at University of California, Irvine

Component Framework for CPS Design

The design of Cyber Physical System (CPS) is a complex task. CPS are systems in which an integrated computation system (cyber system) interacts with a physical system. This dynamic interaction needs good understanding of both subsystems. Small changes in any subsystem may have significant consequences in the other, possibly resulting in severe system failures.
The model-integrated and model-based design (MBD) is the most promising design paradigm for CPSs. Models of the physical system (PS) and the cyber system (CS) interact typically in an simulation environment.

The component framework, presented here, uses intrinsic meta-information as part of the components to describe properties and behavior. Composed to a system the meta information allow to assess the suitability of the system to accomplish the overall goal.

Overall the goals for component framework are:

  • Validation: Identify if a system configuration is free of conflicts and satisfies the given set of system goals.
  • Synthesis: Search in the design space of possible system configurations for one that passes validation, and second, identify superior system configurations with regard to cost and/or performance.


Building systems from components on a high-level abstraction is not easy. In our work we address the following challenges:

  • Models: good models are required to describe structure and behavior of the system as well as its over-functional properties. Good in this context means that the models should represent the real world properties as accurate as possible, while the cost for the computation of the models should be low so we can efficiently evaluate millions of system points.
  • Compsability: It is well known that a system is usually more than the simple sum of its parts, i.e. properties(A+B) != properties(A) + properties (B). However, a component frameworks needs to reason about the properties of the composed system, to identify superior system configuration before actually building them.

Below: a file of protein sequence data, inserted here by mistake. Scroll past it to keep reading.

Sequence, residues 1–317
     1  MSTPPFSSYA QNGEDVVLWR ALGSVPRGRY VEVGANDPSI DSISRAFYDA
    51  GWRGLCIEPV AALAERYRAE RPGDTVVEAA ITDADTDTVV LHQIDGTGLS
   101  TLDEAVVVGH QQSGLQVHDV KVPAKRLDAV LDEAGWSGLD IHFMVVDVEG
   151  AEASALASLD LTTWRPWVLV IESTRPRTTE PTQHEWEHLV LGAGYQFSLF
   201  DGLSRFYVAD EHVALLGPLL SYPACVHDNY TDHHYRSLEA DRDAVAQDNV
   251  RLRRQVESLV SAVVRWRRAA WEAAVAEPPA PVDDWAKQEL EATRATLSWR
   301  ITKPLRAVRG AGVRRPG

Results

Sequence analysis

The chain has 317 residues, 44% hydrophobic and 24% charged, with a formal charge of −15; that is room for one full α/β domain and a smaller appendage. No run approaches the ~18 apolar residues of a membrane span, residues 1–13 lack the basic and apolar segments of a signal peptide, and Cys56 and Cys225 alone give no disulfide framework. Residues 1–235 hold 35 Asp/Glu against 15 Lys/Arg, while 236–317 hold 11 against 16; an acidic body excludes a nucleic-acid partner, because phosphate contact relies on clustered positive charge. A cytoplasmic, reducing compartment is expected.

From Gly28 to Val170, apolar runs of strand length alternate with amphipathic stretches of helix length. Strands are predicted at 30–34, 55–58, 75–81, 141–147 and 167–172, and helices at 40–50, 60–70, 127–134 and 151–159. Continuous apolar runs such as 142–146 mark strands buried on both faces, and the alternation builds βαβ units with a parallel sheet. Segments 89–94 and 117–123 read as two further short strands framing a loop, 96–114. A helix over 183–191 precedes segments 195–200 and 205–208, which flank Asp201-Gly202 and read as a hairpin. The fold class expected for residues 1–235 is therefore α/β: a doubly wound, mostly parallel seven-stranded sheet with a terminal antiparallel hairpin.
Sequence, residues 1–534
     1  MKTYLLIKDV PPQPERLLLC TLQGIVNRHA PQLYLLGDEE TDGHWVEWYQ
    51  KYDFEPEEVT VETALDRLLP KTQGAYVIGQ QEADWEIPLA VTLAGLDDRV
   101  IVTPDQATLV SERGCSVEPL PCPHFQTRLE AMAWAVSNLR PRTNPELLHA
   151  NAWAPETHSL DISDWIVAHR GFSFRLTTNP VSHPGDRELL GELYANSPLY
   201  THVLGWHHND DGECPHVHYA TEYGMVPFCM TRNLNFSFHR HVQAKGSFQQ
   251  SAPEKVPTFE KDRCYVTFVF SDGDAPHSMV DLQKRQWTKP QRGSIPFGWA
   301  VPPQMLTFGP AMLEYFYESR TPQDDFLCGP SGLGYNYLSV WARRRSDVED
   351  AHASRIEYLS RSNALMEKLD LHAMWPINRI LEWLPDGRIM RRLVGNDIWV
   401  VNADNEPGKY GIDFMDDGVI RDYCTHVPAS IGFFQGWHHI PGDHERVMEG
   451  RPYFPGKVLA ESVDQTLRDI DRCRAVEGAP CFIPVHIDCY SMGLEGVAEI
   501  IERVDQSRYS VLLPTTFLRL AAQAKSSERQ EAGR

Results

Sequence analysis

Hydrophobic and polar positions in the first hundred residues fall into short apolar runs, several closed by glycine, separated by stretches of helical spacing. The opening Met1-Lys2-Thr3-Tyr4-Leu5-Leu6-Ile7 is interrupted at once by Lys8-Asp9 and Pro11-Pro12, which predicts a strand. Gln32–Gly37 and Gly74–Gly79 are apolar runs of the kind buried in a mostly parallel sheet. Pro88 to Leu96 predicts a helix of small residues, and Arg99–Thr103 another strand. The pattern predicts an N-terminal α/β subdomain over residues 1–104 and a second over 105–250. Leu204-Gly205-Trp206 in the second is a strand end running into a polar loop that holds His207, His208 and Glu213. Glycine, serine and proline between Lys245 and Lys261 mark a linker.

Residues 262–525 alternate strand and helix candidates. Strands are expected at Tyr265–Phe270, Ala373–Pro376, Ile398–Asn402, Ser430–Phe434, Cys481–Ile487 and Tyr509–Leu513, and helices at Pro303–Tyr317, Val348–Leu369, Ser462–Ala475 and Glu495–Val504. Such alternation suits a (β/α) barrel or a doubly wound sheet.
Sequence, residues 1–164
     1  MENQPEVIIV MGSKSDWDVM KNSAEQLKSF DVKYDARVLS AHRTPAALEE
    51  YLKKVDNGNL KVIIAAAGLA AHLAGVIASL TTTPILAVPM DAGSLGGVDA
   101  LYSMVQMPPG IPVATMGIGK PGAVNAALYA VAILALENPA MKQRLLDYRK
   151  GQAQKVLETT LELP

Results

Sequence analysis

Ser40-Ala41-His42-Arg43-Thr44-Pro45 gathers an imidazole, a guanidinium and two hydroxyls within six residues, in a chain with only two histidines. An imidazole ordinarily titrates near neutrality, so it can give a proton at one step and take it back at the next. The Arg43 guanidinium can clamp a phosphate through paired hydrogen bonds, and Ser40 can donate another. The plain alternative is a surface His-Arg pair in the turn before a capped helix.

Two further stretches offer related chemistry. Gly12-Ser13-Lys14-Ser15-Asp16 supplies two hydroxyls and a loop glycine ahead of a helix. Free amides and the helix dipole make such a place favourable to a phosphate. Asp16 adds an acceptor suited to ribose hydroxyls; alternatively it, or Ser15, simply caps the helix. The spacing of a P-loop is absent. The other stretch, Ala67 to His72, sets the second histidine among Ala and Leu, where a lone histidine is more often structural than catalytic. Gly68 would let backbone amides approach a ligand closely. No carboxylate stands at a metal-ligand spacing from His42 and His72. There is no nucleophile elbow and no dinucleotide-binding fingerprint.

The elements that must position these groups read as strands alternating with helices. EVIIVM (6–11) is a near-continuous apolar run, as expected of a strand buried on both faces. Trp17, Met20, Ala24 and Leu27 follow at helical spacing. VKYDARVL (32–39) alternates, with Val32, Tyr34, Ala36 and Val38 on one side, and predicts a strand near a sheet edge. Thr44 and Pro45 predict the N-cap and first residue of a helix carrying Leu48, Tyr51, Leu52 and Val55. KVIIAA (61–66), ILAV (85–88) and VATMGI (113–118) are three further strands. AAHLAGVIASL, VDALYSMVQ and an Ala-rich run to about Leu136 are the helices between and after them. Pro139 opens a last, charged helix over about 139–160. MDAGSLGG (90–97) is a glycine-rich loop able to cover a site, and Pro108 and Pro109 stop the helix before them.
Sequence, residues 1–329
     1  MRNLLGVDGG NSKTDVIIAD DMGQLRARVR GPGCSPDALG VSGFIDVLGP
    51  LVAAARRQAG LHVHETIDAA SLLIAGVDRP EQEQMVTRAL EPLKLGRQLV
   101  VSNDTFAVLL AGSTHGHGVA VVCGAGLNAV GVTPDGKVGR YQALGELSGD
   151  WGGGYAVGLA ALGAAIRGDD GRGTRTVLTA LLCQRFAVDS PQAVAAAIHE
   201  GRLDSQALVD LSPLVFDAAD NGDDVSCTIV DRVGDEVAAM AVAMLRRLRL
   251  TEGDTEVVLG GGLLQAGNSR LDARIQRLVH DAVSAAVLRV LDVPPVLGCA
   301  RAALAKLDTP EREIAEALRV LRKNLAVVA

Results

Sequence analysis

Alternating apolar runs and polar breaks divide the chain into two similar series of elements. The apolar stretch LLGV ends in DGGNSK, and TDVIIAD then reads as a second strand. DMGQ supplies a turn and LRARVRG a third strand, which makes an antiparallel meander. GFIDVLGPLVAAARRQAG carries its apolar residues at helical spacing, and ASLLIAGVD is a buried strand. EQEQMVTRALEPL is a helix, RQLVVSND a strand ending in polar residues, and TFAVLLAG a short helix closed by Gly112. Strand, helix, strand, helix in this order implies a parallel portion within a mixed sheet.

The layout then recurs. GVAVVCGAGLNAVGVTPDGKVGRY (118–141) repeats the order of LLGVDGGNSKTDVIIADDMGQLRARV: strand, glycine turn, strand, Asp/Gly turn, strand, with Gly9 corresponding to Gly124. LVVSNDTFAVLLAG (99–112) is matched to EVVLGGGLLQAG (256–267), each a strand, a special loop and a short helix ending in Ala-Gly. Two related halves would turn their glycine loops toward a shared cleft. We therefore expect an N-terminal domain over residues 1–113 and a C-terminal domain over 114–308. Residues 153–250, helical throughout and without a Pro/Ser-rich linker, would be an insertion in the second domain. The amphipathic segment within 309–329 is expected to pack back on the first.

• Uncertainties: Since models and our knowledge about the composition are not perfect, we are exposed to uncertainties. Additional uncertainties originate from the systems' environment, but also from the system itself (timing uncertainties, faults). We need to address the uncertainties in the models and in the tool to ensure that the implemented system works in all kinds of conditions.
  • Design space exploration & synthesis: With models and composition rules at hand we can systematically search for superior system configurations. However, usually the complexity of the design space



High-level System Synthesis:

The following figure shows one instance of the intended system synthesis flow.

flowFor this tool flow we need the following parts, which are discussed below:

  • The generic component description language CoDeL. We decided for a generic, light-weight component abstraction to represent structure and behavior for a broad range of implementation languages.
  • Models in CoDeL to represent and evaluate the application and the properties of the system
  • System synthesis to efficiently find a system configuration that satisfies the application requirements. The figure indicates the usage of satisfiability modulo theory for this purpose. Other approaches